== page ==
Fearing arrest under laws pushed by the agriculture industry, animal rights activists have halted undercover camera investigations into animal cruelty in five farm states, including Iowa and Utah where the laws went into effect last year.
"We are not conducting our investigations in those five states," said Nathan Runkle, executive director of Mercy for Animals, a group whose most recent hidden-camera exposé led to criminal charges against employees at the largest dairy farm in Idaho.
The Humane Society of the United States has also stopped its hidden-camera investigations in those states as a result of what it concedes has been a victory for the agribusiness industry.
"If you think that chilling speech and closing the curtain on our food production is winning, then yes, they've won," Wayne Pacelle, CEO and president of the Humane Society of the United States, told ABC News.
The new state laws are part of a campaign being waged by lobbyists for the agriculture industry to put an end to the undercover videos that have cast a harsh light on the operations of large-scale farms, often called factory farms by their critics.
The videos have led to public outrage over horrific conditions and the cruel mistreatment of animals in farms across the country.
Last year, video taken at a California slaughterhouse showed workers using electric prods on cattle that could barely walk.
A 2011 undercover video revealed workers at a major turkey farm kicking and stomping birds, some of them with open wounds and exposed flesh.
A 2010 investigation at a Virginia pork producer showed pregnant pigs crammed into small "gestation crates," many of the animals with large open sores.
In 2008, undercover video at a Chino, California slaughterhouse revealed how diseased, or "downer," cows were being used for beef sold to consumers in grocery stores. That investigation led to the country's largest-ever meat recall and a state law banning the use of such downed cattle.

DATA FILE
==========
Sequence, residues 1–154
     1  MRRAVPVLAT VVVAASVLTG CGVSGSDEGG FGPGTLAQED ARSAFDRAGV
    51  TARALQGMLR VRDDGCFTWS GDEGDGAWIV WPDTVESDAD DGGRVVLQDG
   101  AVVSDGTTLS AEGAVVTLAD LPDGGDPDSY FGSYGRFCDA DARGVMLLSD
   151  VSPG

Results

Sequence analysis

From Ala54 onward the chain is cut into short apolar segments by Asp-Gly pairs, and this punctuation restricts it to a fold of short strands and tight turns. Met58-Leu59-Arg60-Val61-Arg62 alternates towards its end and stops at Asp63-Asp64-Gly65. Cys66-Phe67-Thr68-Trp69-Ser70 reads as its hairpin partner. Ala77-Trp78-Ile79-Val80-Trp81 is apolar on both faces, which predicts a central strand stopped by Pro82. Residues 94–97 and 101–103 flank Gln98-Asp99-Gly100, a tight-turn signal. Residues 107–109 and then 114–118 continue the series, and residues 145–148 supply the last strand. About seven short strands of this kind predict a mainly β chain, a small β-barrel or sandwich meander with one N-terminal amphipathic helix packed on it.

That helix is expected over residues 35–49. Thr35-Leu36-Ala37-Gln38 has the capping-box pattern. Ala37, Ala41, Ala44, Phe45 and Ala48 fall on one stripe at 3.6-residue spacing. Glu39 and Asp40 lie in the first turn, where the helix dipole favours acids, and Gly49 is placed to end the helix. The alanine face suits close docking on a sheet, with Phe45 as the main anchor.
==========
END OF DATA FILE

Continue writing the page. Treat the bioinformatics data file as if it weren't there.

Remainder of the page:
The farm groups say they too are appalled by animal cruelty, but that the exposés by animal rights groups are not the best way to solve the problem.
Legislation to stop the undercover videos has already been introduced this year in the legislatures of at least five states: New Hampshire, Indiana, Nebraska, Wyoming and Arkansas.
Other states where animal rights groups expect legislation to be introduced include Minnesota, Pennsylvania and North Carolina.
In the debate over the legislation in Utah last year, lawmakers referred to the animal welfare groups as "terrorists" and the enemy of farmers.
"This is about a group of people that want to put us out of business, make no mistake about it," said Utah state Rep. Mike Noel.
The law passed in Iowa in 2012 just a few months after an ABC News report that featured undercover video made by an investigator for Mercy for Animals who worked at a large egg factory in Iowa.
The report led to new procedures at the egg factory, but if the undercover investigator did the same thing now he would face prosecution under the new law.
"If somebody comes on somebody else's property, through fraud or deception or lying, that is a serious violation of people' rights," said Iowa Governor Terry Branstad when he signed the bill into law.